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Theodore Roosevelt’s interest in foreign affairs was no less intense than his zeal for domestic reform, as Eugene P. Trani demonstrates in this new study of the Portsmouth Conference which in 1906 brought an end to the Russo-Japanese war.
Conscious of America's growing stature as a world power and concerned lest continued hostilities disrupt further the political and economic composition of East Asia, Roosevelt proclaimed himself peacemaker. With characteristic energy—and with considerable tact—he initiated the conference and successfully brought about a treaty. It was no easy task.
Trani, who has made extensive use of Russian, Japanese, and American archival material, shows that the Tsarist government, mortified by Russian defeats, wished to renew the conflict. This last of the personally managed peace conferences greatly enhanced the prestige of both the United States and its ebullient chief executive.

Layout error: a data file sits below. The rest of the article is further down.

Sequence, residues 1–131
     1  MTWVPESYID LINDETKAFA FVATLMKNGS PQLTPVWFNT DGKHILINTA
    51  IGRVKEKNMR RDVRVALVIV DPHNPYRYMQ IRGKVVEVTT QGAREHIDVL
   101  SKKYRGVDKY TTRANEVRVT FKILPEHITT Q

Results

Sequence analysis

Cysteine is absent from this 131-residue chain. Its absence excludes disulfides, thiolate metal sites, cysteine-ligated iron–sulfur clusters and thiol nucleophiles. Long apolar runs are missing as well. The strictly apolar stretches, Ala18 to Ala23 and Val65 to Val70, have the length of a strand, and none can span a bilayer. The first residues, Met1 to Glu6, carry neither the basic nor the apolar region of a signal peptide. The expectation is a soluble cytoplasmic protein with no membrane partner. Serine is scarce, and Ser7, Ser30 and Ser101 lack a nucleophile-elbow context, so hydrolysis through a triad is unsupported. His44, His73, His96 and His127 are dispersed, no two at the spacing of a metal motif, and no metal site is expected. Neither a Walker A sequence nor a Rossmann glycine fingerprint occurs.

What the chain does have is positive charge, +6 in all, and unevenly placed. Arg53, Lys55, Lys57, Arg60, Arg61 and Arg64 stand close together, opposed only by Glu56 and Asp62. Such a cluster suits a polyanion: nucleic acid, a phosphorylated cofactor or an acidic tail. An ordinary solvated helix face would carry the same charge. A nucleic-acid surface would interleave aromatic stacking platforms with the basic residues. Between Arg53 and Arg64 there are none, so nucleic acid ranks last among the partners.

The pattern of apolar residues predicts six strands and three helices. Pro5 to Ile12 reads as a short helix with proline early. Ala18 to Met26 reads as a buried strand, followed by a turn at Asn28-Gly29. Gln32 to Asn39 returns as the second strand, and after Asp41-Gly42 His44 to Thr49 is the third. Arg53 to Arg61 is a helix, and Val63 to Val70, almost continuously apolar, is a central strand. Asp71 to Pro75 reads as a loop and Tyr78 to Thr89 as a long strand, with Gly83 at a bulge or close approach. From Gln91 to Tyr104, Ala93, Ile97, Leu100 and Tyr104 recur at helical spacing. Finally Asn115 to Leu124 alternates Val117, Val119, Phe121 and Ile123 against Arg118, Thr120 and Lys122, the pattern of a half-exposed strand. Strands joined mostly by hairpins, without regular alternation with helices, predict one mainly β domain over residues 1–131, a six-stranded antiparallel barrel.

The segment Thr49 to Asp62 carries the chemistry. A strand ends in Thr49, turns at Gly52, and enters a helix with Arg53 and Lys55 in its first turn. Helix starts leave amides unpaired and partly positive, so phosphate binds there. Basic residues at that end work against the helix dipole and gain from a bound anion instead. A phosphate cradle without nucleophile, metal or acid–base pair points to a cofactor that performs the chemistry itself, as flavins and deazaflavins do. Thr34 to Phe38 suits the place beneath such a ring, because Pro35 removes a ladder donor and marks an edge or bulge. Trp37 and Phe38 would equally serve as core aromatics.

Eugene P. Trani is assistant professor of history at Southern Illinois University.
The University Press of Kentucky
Place of Publication
Theodore Roosevelt, Portsmouth Conference, Treaty of Portsmouth, Russo-Japanese War
Trani, Eugene P., "The Treaty of Portsmouth: An Adventure in American Diplomacy" (1969). Diplomatic History. 5.